Start With Why by Simon Sinek
Remember when Oprah gave away a car to everyone in the audience of her talk show?
Do you remember what car she gave away?
Or even what brand of car it was?
My guess is that you do not.
According to Simon Sinek, this is because this giveaway didn’t tie in to what the company was all about.
Sinek writes, “For a message to have real impact, to affect behavior and seed loyalty, it needs more than publicity. It needs to publicize some higher-purpose cause or belief to which those with similar values and beliefs can relate. Only then, can the message create some lasting mass market success . . . Why the stunt is being performed, beyond the desire to generate press must be clear.”
The Oprah car event benefited Oprah because she seemed to really care about her audience. She was generous on her program often. This stunt fit into her “why.” It was what her show was all about. Conversely, no one was sure why the car manufacturer donated their cars. It didn’t make sense to their “why” and so their role in the stunt was forgotten.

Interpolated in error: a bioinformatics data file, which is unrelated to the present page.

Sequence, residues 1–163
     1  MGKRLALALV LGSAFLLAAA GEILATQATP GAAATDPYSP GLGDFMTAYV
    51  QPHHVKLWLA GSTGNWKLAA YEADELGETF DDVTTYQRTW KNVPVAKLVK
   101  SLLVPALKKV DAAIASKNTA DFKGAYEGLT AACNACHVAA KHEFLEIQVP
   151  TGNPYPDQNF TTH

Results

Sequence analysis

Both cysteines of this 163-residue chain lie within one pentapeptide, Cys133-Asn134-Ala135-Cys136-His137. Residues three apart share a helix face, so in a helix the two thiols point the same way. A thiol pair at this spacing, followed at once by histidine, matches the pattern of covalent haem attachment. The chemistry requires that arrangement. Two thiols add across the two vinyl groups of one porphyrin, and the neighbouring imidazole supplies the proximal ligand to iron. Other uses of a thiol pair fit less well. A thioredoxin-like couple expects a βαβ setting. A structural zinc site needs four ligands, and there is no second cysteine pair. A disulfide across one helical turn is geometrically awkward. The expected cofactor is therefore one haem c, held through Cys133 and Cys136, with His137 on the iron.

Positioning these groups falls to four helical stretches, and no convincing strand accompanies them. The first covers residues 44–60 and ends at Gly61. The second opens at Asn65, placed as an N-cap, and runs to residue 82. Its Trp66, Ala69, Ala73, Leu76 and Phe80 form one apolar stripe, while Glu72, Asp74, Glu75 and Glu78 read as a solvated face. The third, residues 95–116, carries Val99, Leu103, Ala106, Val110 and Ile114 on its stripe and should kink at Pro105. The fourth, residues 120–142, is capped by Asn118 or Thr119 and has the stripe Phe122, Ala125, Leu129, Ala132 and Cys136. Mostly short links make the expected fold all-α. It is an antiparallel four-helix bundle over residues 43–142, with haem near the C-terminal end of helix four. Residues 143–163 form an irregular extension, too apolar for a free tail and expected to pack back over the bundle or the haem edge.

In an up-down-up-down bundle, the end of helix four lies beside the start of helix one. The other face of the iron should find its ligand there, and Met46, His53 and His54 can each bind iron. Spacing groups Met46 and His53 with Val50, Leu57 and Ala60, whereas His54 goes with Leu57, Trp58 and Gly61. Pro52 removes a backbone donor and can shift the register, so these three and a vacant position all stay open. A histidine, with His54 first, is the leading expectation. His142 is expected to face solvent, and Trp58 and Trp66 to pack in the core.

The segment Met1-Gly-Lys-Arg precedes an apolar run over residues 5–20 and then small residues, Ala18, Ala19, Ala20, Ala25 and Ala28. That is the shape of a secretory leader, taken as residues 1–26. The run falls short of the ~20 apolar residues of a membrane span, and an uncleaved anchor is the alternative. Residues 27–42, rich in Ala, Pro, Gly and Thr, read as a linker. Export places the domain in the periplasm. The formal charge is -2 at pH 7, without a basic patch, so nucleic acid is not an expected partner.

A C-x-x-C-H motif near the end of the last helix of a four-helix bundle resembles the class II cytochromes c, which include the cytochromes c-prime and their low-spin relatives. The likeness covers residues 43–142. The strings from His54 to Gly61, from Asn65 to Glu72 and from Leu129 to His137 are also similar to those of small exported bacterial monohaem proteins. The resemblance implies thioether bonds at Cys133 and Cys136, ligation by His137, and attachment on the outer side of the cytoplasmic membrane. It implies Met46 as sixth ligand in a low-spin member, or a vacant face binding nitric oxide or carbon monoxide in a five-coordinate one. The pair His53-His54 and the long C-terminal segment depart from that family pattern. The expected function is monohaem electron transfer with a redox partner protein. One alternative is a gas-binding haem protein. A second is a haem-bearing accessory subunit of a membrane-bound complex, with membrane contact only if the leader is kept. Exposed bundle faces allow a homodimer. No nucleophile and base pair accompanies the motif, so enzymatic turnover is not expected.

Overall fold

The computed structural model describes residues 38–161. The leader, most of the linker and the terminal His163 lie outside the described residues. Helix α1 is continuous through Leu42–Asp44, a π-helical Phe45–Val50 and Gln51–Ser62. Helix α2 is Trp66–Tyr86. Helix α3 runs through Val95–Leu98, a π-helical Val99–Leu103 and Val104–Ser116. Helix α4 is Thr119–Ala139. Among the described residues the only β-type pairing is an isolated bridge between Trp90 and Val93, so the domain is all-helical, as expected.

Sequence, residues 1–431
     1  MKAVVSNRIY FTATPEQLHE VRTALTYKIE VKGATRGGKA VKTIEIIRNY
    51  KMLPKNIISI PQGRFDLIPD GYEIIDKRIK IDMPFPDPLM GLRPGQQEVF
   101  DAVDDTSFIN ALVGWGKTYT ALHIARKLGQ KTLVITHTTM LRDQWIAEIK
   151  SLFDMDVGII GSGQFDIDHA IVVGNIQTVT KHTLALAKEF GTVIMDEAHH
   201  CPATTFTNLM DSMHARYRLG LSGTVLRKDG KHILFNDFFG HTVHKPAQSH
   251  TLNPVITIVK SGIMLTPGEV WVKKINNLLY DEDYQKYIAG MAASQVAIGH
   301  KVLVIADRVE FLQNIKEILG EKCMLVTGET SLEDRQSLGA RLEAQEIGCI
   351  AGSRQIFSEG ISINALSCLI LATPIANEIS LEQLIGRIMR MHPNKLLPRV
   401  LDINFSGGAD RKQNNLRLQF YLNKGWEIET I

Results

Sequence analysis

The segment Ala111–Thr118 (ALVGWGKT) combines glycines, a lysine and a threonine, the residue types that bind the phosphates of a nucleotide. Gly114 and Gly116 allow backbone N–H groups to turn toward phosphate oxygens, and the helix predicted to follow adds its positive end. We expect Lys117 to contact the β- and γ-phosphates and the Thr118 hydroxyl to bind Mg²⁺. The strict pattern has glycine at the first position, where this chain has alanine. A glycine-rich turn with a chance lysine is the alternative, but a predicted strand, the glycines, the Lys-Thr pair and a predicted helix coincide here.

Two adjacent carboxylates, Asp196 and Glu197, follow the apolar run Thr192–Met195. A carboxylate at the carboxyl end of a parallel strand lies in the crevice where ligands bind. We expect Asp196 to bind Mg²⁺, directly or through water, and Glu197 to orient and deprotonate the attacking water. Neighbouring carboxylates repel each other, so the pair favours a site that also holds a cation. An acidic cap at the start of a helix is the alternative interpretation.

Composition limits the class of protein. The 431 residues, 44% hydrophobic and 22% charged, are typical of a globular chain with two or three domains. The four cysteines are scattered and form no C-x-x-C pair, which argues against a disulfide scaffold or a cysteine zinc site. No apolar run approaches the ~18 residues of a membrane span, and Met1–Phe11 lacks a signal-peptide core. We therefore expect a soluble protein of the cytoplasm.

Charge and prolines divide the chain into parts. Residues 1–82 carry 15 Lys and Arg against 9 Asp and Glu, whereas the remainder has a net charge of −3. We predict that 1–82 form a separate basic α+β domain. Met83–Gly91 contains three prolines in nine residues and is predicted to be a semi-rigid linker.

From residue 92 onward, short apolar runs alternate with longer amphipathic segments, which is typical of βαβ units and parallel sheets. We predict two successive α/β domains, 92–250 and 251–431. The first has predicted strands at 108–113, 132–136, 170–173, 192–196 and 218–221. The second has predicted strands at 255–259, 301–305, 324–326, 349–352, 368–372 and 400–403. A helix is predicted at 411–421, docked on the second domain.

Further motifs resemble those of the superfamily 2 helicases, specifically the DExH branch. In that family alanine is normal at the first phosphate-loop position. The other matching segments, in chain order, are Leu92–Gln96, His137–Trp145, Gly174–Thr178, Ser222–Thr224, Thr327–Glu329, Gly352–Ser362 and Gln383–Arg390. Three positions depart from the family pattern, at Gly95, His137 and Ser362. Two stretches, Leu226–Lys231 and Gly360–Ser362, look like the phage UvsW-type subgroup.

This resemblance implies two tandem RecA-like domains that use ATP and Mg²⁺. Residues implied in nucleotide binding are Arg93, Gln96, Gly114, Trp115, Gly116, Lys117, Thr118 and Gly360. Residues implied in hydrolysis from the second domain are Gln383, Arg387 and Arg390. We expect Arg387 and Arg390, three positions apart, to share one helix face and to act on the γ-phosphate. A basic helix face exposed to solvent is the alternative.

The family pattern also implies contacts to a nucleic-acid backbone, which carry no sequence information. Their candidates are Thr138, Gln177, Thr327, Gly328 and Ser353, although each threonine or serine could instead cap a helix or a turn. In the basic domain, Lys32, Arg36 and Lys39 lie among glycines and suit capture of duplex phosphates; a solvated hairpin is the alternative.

Creative Zen vs the iPod
“Apple didn’t invent the MP3 player but it clearly ruled the market and completely eclipsed the original creator and manufacturer, Creative Technology.”
Creative is responsible for the Soundblaster audio technology that enabled home computers to have sound. This was a huge development in home computing and paved the way for the iPod. The curious thing is that Creative came out with a much superior product well before the iPod was launched.
Apple didn’t introduce the iPod until nearly two years after the Creative Zen entered the market. “Given their history in digital sound, Creative is more qualified than Apple to introduce a digital music project.” So why did they fail?
Here is the answer . . . We didn’t feel the need to own an MP3 player until the iPod had become popular. Apple gave us a reason to have such a device, whereas Creative simply told us what their product was. The very succinct phrase, “1,000 songs in our pocket” was all we needed to buy in. The why was there and it was very apparent.
I didn’t know this history at the time, but did a lot of research before buying an MP3 player. I decided to purchase a Creative Zen because, for all intents and purposes, it is a superior product. Creative could have ruled the market if they had put forth their message of why instead of what.
This was an interesting read. It is something that I have known in education for some time. If I want to motivate students, I need to teach to a sense of purpose. The students need to know why we are doing what we are doing in class. This helps them buy into the work and enhances learning. Maybe starting with why is what we all need to do.
My List of 2018 Reads – Maybe we like the same books?